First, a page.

Saturday, September 25, 2010

July 31st in History

30BC   Battle of Alexandria in the Final War of the Roman Republic,  Mark Antony achieves a minor victory over former ally and brother-in-law Octavian's forces.  Most of his army subsequently deserts, leading to his suicide and the equally famous suicide by asp of Cleopatra III, last pharaonic leader of Egypt.
 Other versions have the snake a variety of Egyptian Cobra; and a third version has death by a toxic ointment. The current theory is that she drank a mixture of hemlock, wolfs bane, and opium.  Or Octavian may have simply had her killed.  Octavian went on to be the sole power in Rome, under the name Augustus.  Cleopatra was the descendant of one of Alexander the Great's generals who defeated Darius III, and was the last of the Ptolemaic dynasty.  Many of her predecessors didn't even speak Egyptian; they spoke Greek, which was the reason for the three languages used that show up on the Rosetta Stone. Antony had married Cleopatra while still married to Octavian's sister, and had children from both marriages - twins with Cleopatra

recent eruption of Fuji

  781     The oldest recorded eruption of Mt. Fuji (Traditional Japanese date: July 6, 781) one of the three 'Holy Mountains'.  It figures prominently in traditional art and  literature as a major national icon.  The tallest mountain in Japan, a stratovolcano, Fuji has the classic steep-sided symmetrical cone-shape from the build up of cooled magma from serial eruptions.  The mountain was first scaled by a monk in the 7th century; it remained strictly sacred for centuries.  Women were not allowed on the summit until the mid-19th century.  Since the latter half of the 19th century it has been a major tourist attraction.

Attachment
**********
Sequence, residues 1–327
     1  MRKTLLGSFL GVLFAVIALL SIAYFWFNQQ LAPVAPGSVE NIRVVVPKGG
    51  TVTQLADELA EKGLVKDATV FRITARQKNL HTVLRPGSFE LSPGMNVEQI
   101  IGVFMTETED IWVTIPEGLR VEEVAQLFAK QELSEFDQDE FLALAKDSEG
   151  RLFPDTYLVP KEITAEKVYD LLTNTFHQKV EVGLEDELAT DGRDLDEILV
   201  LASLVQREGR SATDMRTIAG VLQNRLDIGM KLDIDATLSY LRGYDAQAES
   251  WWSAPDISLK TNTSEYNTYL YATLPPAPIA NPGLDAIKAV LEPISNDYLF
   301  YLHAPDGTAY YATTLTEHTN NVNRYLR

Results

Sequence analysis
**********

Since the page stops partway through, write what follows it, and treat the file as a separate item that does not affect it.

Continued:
1492   The Jews are expelled from Spain when the Alhambra Decree takes effect at the completion of an 800 year attempt by Christian Visigoth kingdoms to retake what is modern Spain and Portugal called the Reconquista.  The Decree was issued by the joint Catholic Monarchs of Spain, the same Ferdinand and Isabella who sent Columbus to look for a western passage to India, the same year.  The edict technically remained in force until it was revoked in 1968 following the convening of the Second Vatican Council.  Jews had been welcome under the Muslim rule of the region, as people of the book.  A significant number of Jews had been in Spain dating back to the Roman era.  Contrary to the interfaith conflicts of the modern era, Jews were cooperative with Muslims against the Visigoths, and Muslim rule had attracted Jewish immigration. Charlemagne completed the northern portion of the Reconquista, rounding out the rest of that Christian Mediterranean that is the modern French Riviera.  Post Reconquista, thousands of Jews became victims of violence and oppression, and many attempted to escape persecution by converting to Catholicism.  There were so many that new terms for them came into use, conversos, or marranos.  Even that measure wasn't enough to prevent hatred; the converso and marrano families eventually fell out of favor; they were targeted by the Spanish Inquisition beginning in 1480.  Unknown thousands died.  Under the Alhambra Decree, the Jews were given three months to leave with all their belongings - except anything made of gold or silver, or any minted money. So the decree was a grab for wealth as well.  Most of the departing Jews went to northern Africa, an area still under Muslim control; and the southeastern Europe where there were thriving Jewish communities.  Genetic testing indicates that roughly 20% of men in Spain are descended from Sephardic Jews.